drive band

A couple of days ago I posted a photo of an old drive band on the floor and just mentioned that I was changing the drive band on my spinning wheel. I was surprised at how many people were interested in that drive band. There were plenty of questions. So I thought that I might as well do a post all about drive bands and what I do about them.

Over the years, I have tried lots and lots of cotton for drive bands. I’ve tried hemp too but it never was my favorite though others love it. I don’t like a lot of take up when I spin and in double drive hemp seems to me to have a bit more drag than cotton.

Most of my wheels have several drive bands always attached to them. When they aren’t in use they just kind of hang there in a loose knot around the wheel upright.

20140306_143241 (1)20140306_143259













Those are some dusty treadles. I guess I’ll wipe them off when I get done with this post.

Anyway, the reason I have several drive bands is for different whorl sizes and also for different yarns. Thinner drive bands are better for spinning fine yarns and thicker drive bands are better for thicker yarns. This holds true no matter if you are spinning in double drive or Scotch Tension.

We talk a lot about drive bands and break bands in my class called Spinning for Lace – or Spinning Fine Yarns or whatever I’m calling it now. The reason this is such a conversation is because when you buy a spinning wheel it comes with the drive band/break band made from a material and thickness that the manufacturer/wheel builder thinks works best for the widest range of yarns. So, really, those bits of string work best right in the middle range of yarns. If, however, you want to spin a really thick yarn or a very fine yarn then some experimenting might be in order.

The drive bands I’m talking about here are what have worked well for me and my purposes and also have made lots of my spinning students smile. I’m not saying that they are the absolute best for every single wheel out there.

So, I have three yarns that are my go-tos. The first is one that I have been recommending for ages is carpenter’s chalk line. It’s not actually cotton, it’s rayon. I’ve used it for so long because it’s cheap and it works. I generally get it at the hardware store for around $2.00. One hundred feet (30 meters) is enough for at least 5 drive bands for my 30 inch Schacht ReevesIrwin-StraitLinereg--Replacement-Lines-GG471-ba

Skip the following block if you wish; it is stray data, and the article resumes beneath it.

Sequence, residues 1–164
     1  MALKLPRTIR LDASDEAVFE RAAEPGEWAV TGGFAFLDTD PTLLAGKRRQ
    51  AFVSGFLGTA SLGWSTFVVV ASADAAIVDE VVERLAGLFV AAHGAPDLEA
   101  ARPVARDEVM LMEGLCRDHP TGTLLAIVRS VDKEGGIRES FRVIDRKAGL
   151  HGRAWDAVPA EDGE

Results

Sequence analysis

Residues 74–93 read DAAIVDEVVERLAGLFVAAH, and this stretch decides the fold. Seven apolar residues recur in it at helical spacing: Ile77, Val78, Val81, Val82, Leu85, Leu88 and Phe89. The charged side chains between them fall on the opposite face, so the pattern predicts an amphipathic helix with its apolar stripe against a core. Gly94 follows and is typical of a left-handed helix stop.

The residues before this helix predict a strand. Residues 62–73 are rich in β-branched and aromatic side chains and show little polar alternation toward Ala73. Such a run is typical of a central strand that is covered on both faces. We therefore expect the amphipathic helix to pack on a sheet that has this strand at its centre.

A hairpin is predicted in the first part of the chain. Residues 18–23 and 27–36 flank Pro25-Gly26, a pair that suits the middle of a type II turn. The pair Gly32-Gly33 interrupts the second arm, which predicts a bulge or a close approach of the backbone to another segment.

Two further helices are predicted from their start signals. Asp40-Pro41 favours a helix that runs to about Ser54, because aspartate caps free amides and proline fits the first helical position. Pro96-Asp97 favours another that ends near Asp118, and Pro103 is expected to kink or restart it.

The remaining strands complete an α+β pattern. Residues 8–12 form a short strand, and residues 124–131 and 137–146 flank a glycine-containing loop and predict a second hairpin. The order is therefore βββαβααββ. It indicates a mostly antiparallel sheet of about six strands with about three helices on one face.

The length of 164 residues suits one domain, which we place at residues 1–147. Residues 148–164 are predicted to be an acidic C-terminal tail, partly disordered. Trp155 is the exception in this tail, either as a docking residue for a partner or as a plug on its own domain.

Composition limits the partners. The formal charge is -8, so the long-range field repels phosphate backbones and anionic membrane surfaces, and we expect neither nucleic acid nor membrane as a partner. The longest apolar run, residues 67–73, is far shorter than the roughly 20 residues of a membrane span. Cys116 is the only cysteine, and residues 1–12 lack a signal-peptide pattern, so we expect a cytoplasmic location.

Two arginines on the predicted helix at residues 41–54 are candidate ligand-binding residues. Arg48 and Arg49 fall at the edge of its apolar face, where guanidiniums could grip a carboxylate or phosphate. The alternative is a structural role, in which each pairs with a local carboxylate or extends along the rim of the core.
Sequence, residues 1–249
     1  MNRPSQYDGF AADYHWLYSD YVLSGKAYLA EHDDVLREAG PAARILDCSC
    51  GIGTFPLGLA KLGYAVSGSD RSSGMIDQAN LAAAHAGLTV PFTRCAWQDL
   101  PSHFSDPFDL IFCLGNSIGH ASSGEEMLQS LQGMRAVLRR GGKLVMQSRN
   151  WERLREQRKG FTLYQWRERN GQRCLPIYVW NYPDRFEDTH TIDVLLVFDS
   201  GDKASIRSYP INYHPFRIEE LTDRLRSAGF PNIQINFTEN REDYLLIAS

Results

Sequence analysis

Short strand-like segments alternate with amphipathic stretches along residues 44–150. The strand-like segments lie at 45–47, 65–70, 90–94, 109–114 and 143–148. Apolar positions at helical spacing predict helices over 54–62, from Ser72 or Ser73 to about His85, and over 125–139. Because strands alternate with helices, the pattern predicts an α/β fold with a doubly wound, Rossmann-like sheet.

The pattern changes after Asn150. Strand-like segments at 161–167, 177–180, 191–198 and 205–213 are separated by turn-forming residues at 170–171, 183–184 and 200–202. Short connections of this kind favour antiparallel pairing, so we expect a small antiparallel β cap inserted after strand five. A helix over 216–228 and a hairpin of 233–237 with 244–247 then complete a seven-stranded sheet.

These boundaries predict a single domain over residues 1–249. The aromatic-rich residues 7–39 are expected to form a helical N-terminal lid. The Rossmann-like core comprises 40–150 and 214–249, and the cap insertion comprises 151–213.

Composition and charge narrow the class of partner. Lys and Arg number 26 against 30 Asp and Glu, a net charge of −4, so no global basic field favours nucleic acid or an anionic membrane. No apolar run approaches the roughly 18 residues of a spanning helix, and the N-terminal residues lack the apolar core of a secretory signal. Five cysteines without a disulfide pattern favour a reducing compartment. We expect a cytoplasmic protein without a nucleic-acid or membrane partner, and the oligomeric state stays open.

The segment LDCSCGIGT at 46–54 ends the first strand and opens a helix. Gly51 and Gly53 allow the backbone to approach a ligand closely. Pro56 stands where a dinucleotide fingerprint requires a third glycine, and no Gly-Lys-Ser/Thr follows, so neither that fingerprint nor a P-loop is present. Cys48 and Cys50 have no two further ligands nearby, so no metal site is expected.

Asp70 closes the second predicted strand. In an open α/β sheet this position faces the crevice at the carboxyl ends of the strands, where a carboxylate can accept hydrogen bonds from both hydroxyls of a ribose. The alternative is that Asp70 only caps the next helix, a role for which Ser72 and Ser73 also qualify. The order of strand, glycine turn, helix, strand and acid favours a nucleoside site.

That’s what it looks like if you are interested in trying it.

I have used it for all of the yarns that I spin, but I will tell you that I rarely spin any yarn that ends up being thicker than light worsted weight and those are usually a 3 ply yarn so the singles look pretty thin while I am spinning them.


Since I have taken up crocheting a little I have noticed that size 3 crochet thread (pictured above) looks to be about the same thickness as this chalk line and has a bit more twist. The chalk line stretches plenty over the life of the drive band and so I am now wondering if the crochet cotton might be a better choice. I know it will be a tad more slippery because it is mercerized but that may make it easier to get the lighter take up I like.  On  the other hand, it might be a little more difficult to get everything spinning. I don’t really know. I have big plans to try it out on my 30″ wheel and my Matchless and see what happens. If it works then I will be able to choose from lots of colors! I’ll get back to you.

seine twine

My other go to drive band material (pictured above) is called Seine Twine (pronounced sane). It historically is for fishing nets from what I can tell. weavers love it because it is very strong and makes great warp for rug weaving. I have 2 sizes that I like. Size 9 and size 12. The size 12 is finer at 1260 yards per pound and the size 9 at 750 yards per pound. I generally buy mine from Jane Stafford but other shops carry it too.  The yarn from Jane comes in one pound cones which might be a little much for you. You could always get together and split it with your spinny friends.

I almost always choose the finer one but like to keep the heavier size around just in case.  You can see the tight twist. It really works well and has a bit of grip. It is a bit stretchy but that’s what happens with cotton and it isn’t as stretchy as the chalk line.

I love the seine twine on my Matchless but the 30 inch doesn’t like it for all spinning. It depends on what yarn I am spinning whether I choose it. Mostly because for finer yarns I am looking for more slippage and this doesn’t necessarily give me the lightest take up I want for those very fine to gossamer size yarns.

Some people have asked me about butcher’s string. I don’t like it. It’s too thick. If you want to try it then go ahead. it’s a cheap thing to try and working with different drive bands might help you get even more familiar with your wheel.

So there are my materials. Stay tuned  for next week’s post because the next one will be about how I tie the bands on and how I decide to change drive bands.

Pin It on Pinterest

Share This

Share this post with your friends!